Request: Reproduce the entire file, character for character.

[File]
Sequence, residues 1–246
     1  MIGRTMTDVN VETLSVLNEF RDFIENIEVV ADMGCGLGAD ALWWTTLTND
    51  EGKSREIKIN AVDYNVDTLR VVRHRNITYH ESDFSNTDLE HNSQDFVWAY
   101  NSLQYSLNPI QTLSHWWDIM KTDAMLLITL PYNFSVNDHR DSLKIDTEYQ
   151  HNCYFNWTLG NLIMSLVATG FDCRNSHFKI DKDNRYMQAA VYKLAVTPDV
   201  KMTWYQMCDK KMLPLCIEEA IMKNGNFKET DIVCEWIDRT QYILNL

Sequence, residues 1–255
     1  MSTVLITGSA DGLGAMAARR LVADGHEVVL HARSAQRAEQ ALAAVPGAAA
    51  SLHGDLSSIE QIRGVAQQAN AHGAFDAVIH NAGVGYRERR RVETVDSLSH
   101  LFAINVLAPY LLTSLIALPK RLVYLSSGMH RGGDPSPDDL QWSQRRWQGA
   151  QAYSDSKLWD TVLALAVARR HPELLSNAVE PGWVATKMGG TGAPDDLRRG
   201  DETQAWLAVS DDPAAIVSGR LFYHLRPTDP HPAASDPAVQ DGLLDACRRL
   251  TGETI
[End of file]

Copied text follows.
Sequence, residues 1–246
     1  MIGRTMTDVN VETLSVLNEF RDFIENIEVV ADMGCGLGAD ALWWTTLTND
    51  EGKSREIKIN AVDYNVDTLR VVRHRNITYH ESDFSNTDLE HNSQDFVWAY
   101  NSLQYSLNPI QTLSHWWDIM KTDAMLLITL PYNFSVNDHR DSLKIDTEYQ
   151  HNCYFNWTLG NLIMSLVATG FDCRNSHFKI DKDNRYMQAA VYKLAVTPDV
   201  KMTWYQMCDK KMLPLCIEEA IMKNGNFKET DIVCEWIDRT QYILNL

Sequence, residues 1–255
     1  MSTVLITGSA DGLGAMAARR LVADGHEVVL HARSAQRAEQ ALAAVPGAAA
    51  SLHGDLSSIE QIRGVAQQAN AHGAFDAVIH NAGVGYRERR RVETVDSLSH
   101  LFAINVLAPY LLTSLIALPK RLVYLSSGMH RGGDPSPDDL QWSQRRWQGA
   151  QAYSDSKLWD TVLALAVARR HPELLSNAVE PGWVATKMGG TGAPDDLRRG
   201  DETQAWLAVS DDPAAIVSGR LFYHLRPTDP HPAASDPAVQ DGLLDACRRL
   251  TGETI